Copyright © Mia Adams 2019

My main goal is to create bold visuals and concepts that challenge my audience to analyze the world around them or expose them to information that they otherwise wouldn't have known. The topics I highlight are typically swept underneath the carpet OR avoided. For this reason, I aim to create dialogue about social and political issues that are significant to me in order to move us towards equality and justice. As a Black/Latina artist, my underlying foundation is to use my work as a way to expose the voices of those who have been silenced by society.

 

BIO 

Mia B. Adams is a Phoenix-born nationally exhibited artist that currently resides in Arizona. Mia holds a Bachelor of Fine Arts degree with a focus in Intermedia from Arizona State University's Herberger Institute for Design and the Arts.

 

Inspired by liberation groups such as The Black Panther Party and Black contemporary artists such as Sonya Clark, Adams’ work is a response to ongoing social and political issues. Through exploring topics of identity, race, discrimination, and social hierarchies, Adams is actively exploring and challenging the interconnections of art and social justice through her studio practice. Working across various mediums, her work resides as a visual timestamp of the struggles people of color continue to face in contemporary society. The trials of being a Black/Latina woman living in the United States have ultimately inspired her to use art as a way to expose the experiences and voices of those who have been silenced by society.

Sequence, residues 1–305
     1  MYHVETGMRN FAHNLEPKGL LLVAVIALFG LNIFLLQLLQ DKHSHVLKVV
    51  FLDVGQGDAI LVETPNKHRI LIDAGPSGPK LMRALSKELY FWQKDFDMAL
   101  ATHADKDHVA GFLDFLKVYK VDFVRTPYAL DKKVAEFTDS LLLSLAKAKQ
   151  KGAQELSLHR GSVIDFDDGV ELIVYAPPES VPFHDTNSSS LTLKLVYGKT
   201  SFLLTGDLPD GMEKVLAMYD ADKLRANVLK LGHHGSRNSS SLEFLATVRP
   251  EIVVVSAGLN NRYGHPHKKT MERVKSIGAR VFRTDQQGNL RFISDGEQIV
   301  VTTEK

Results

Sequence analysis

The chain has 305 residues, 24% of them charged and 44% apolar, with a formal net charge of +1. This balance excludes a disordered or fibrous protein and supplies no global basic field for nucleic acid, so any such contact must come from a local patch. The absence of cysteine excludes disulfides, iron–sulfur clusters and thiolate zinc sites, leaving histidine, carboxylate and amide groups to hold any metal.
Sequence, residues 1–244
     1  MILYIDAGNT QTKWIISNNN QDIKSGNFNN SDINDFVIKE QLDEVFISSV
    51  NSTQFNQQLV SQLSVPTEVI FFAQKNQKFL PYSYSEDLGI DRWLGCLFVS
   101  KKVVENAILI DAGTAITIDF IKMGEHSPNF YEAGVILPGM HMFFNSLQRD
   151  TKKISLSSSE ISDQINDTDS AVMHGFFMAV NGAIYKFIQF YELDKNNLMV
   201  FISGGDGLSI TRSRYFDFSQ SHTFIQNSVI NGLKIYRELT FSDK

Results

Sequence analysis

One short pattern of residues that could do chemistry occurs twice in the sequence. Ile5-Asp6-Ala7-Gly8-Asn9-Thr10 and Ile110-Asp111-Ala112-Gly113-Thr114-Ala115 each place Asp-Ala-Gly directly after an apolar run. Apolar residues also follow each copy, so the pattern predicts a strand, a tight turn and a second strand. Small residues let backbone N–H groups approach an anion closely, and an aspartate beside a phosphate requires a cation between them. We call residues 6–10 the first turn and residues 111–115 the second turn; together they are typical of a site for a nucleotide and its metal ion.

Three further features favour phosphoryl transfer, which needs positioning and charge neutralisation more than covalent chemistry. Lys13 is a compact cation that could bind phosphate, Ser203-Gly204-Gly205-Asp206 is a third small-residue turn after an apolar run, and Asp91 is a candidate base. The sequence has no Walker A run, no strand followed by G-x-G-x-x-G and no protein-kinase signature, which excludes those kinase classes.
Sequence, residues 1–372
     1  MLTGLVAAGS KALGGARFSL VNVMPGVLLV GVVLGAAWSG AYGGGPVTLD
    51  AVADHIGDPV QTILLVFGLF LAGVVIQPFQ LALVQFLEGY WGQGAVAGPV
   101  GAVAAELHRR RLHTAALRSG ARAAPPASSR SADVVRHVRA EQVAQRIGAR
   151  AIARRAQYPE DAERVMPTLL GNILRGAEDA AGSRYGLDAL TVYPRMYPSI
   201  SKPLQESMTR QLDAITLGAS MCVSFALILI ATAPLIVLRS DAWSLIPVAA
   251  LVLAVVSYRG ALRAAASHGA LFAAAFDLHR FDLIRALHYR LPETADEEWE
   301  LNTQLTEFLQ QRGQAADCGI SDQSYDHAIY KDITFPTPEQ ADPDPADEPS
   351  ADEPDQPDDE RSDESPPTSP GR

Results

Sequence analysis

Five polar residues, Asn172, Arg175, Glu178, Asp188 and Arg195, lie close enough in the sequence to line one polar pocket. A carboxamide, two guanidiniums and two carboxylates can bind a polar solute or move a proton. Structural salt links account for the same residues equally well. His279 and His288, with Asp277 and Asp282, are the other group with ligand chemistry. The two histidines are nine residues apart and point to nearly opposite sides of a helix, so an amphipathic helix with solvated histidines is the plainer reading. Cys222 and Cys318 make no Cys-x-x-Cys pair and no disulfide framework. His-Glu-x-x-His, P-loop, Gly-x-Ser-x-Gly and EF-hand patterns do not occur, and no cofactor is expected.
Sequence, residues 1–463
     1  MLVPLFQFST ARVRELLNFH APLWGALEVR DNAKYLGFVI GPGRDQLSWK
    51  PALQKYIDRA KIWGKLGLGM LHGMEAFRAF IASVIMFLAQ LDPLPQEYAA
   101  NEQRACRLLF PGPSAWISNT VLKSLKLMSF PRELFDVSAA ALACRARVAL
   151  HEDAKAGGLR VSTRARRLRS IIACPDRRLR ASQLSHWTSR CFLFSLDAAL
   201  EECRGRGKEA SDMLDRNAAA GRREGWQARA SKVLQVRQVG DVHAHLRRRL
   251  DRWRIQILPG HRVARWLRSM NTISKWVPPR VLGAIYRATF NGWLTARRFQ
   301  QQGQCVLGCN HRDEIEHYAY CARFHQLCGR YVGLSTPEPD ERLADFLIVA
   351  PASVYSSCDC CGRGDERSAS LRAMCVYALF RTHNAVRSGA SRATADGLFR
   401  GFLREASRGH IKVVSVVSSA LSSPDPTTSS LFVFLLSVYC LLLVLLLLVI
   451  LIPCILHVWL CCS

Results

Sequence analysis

CV AVAILABLE UPON REQUEST 

CONTACT

 

 

ARTIST STATEMENT

As a visual artist, I use sculpture, installation, photography, and video to challenge the ideas of our society through social and political

confrontation. My work is a reflection of ongoing issues that exist in our communities and have personally impacted my life. These issues, as a result, affect the way I move through the world as a Black and Latina woman. I explore topics of identity, race, discrimination, and social hierarchies through the use of everyday objects and other various mediums.